Gender and the Disturbing in Oates' 'Evil Eye'

Critically acclaimed author Joyce Carol Oates’s latest book Evil Eye (Mysterious Press) is a stunningly written, disturbing masterpiece. The book contains four short novellas, each with their own account of love and relationships gone horribly wrong.

In the title story, “Evil Eye,” we meet Miriam, a young woman married to an older man whose first wife comes for a visit, further destabilizing an already sinister relationship. In “So Near Anytime Always,” 16-year-old Lizbeth becomes entangled with a charming and seemingly refined older boy who is far more than his carefully cultivated façade would ever suggest. The third novella, “The Execution” takes us inside the mind of a self-centered, self-rationalizing frat boy, Bart, who has decided to seek the ultimate revenge against his parents. And finally, in “The Flatbed,” 29-year-old Cecelia must revisit a secret she has never told anyone: the sexual abuse she suffered as a child.

Each of these novellas is a tour de force in and of itself. The narration stays so close to the interiority of the characters that the reader is kept slightly off balance at all times by incomplete thoughts or seemingly random transitions, giving us a feel for the unbalanced and unsettled, which lie at the heart of each tale. Oates' language, though always deliberate and expertly used, breaks grammatical rules in unexpected ways, omitting the subject of a sentence or changing verb tenses without warning. At times the narration will border on stream of consciousness, then pull back abruptly. The craft of the language asks for a reader to engage with the delightful challenge of keeping up with Oates's expert prose.

The stories' subjects are also noteworthy and incredibly well done. None of the characters in the collection are ideal people. Even Lizbeth, perhaps the most sympathetic, is shy and naive — after all, she's only 16 and in over her head. And then at the opposite end of the spectrum lies Bart, the positively awful frat boy. Intriguingly, his novella is the one in which Oates keeps the narration most closely tied to the thoughts of the character, often giving whole passages of what seems to be Bart's unfiltered thoughts — ones about how minorities have it easy even as he discriminates against them, and the unfairness of his father's anger after Bart forges his signature on a $28,000 check. It is the most dramatic example of Oates making no apologies for her subjects: young, passive wives of older, domineering husbands don't suddenly gain confidence; 16-year-olds don't suddenly gain maturity; racist frat boys don't suddenly realize how self-absorbed they are; abuse victims don't suddenly get over their traumas.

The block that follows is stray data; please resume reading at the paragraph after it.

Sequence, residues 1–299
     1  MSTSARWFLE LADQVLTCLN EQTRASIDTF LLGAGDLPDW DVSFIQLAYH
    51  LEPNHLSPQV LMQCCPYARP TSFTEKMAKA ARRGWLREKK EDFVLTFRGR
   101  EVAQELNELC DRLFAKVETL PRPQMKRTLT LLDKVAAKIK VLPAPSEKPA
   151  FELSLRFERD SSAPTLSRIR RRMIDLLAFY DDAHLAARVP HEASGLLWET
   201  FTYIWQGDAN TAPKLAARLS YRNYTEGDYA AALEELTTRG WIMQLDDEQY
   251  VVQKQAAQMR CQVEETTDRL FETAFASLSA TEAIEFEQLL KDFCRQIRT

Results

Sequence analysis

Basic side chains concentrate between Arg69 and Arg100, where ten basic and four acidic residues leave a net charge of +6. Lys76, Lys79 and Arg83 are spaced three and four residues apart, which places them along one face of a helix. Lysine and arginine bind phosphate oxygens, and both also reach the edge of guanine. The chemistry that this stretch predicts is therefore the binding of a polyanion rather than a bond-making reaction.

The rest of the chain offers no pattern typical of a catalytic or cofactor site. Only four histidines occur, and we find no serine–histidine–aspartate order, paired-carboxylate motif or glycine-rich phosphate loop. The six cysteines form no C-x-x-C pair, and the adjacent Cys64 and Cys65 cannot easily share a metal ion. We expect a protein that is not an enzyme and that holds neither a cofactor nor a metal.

This ability to stay within the bounds of realism makes Oates' stories all the more powerful and disturbing. Even though readers want and wait for something to fix the upsetting problems presented in each novella, Oates instead lets the narratives run their courses, making each all the more haunting for their plausibility. The collection is unflinching in its willingness to depict the disturbing, and each novella is masterfully executed with positively chilling effect.

Despite its strengths, however, Evil Eye proves unsettling for one more reason: its gender politics. Each of the main female characters in the four stories is, in some way, weak and overpowered by a man in her life. Miriam, naturally not very assertive and still emotionally reeling from her parents’ sudden deaths, is powerless against her domineering husband; Lizbeth’s young age makes her naturally inexperienced and unsure of herself; Bart’s mother privileges her son’s well-being over justice for herself; and Cecelia’s trauma keeps her from having command of her own personal life. What’s more, each of the three romantic relationships in the book involves a significant age difference in which the woman is always younger.

In each individual novella the inequality in the gender dynamics functions well, making each story all the more eerie and disconcerting. Yet taken as a whole within the collection, they paint a strange picture of women as passive or weak, and men as aggressive, controlling, or destructive. Whether done unintentionally or for effect, the stories lean hard on these tropes.

Tropes or not, the collection is penned by a seasoned hand, and it sings for it. The four worlds that Oates gives us here pull in the reader until she finds herself too fascinated to leave — even when everything gets creepy. I wouldn’t want to spend a day in Miriam’s marriage, but I found myself unwilling to leave once I started reading. Even as I screamed at Lizbeth not to trust this strange boy, I got caught up in every minute of it. Living inside Bart’s twisted mind isn’t exactly fun, but it was so convincing I couldn’t look away. On some level, I felt uncomfortable during every bit of Cecelia’s story, but I wasn’t about to stop turning the page.

This book sinks in its hooks and doesn’t let go. In fact, it might be a good thing each story is short — I don’t know if a reader could handle the tension over the length of a full novel without a break. As much as these stories disturbed me, I’d revisit anyone of them with relish. This is a truly masterful collection.